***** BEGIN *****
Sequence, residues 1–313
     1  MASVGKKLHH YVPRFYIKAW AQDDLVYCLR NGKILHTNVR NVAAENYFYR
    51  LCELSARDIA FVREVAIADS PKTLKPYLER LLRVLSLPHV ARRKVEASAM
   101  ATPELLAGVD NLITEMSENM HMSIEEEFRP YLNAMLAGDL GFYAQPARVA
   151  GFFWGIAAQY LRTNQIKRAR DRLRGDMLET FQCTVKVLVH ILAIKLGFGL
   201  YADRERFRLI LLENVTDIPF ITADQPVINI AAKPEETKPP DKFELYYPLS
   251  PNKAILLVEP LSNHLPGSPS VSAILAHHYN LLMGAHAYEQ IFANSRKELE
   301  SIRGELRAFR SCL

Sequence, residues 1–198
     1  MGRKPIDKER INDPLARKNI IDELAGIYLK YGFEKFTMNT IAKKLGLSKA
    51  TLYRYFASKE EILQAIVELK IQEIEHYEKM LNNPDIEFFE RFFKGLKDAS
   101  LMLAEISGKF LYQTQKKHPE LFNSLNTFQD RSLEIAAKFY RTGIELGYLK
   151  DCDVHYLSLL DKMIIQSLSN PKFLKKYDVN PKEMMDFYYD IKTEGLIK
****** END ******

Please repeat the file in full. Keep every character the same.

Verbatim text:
Sequence, residues 1–313
     1  MASVGKKLHH YVPRFYIKAW AQDDLVYCLR NGKILHTNVR NVAAENYFYR
    51  LCELSARDIA FVREVAIADS PKTLKPYLER LLRVLSLPHV ARRKVEASAM
   101  ATPELLAGVD NLITEMSENM HMSIEEEFRP YLNAMLAGDL GFYAQPARVA
   151  GFFWGIAAQY LRTNQIKRAR DRLRGDMLET FQCTVKVLVH ILAIKLGFGL
   201  YADRERFRLI LLENVTDIPF ITADQPVINI AAKPEETKPP DKFELYYPLS
   251  PNKAILLVEP LSNHLPGSPS VSAILAHHYN LLMGAHAYEQ IFANSRKELE
   301  SIRGELRAFR SCL

Sequence, residues 1–198
     1  MGRKPIDKER INDPLARKNI IDELAGIYLK YGFEKFTMNT IAKKLGLSKA
    51  TLYRYFASKE EILQAIVELK IQEIEHYEKM LNNPDIEFFE RFFKGLKDAS
   101  LMLAEISGKF LYQTQKKHPE LFNSLNTFQD RSLEIAAKFY RTGIELGYLK
   151  DCDVHYLSLL DKMIIQSLSN PKFLKKYDVN PKEMMDFYYD IKTEGLIK